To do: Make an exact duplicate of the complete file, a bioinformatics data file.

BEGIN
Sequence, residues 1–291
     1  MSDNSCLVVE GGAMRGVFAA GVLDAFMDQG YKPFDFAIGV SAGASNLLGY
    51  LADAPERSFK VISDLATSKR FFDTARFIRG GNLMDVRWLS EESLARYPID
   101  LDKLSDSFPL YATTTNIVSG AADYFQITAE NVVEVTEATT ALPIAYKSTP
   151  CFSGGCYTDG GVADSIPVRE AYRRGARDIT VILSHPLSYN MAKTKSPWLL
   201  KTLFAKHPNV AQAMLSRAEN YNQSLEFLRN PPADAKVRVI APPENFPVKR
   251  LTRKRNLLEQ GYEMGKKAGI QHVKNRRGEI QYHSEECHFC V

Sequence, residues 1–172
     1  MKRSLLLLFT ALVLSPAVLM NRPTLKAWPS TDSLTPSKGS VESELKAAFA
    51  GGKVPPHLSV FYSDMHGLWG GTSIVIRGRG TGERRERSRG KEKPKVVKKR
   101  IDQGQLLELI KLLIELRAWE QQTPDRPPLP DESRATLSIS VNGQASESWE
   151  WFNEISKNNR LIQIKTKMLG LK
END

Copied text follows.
Sequence, residues 1–291
     1  MSDNSCLVVE GGAMRGVFAA GVLDAFMDQG YKPFDFAIGV SAGASNLLGY
    51  LADAPERSFK VISDLATSKR FFDTARFIRG GNLMDVRWLS EESLARYPID
   101  LDKLSDSFPL YATTTNIVSG AADYFQITAE NVVEVTEATT ALPIAYKSTP
   151  CFSGGCYTDG GVADSIPVRE AYRRGARDIT VILSHPLSYN MAKTKSPWLL
   201  KTLFAKHPNV AQAMLSRAEN YNQSLEFLRN PPADAKVRVI APPENFPVKR
   251  LTRKRNLLEQ GYEMGKKAGI QHVKNRRGEI QYHSEECHFC V

Sequence, residues 1–172
     1  MKRSLLLLFT ALVLSPAVLM NRPTLKAWPS TDSLTPSKGS VESELKAAFA
    51  GGKVPPHLSV FYSDMHGLWG GTSIVIRGRG TGERRERSRG KEKPKVVKKR
   101  IDQGQLLELI KLLIELRAWE QQTPDRPPLP DESRATLSIS VNGQASESWE
   151  WFNEISKNNR LIQIKTKMLG LK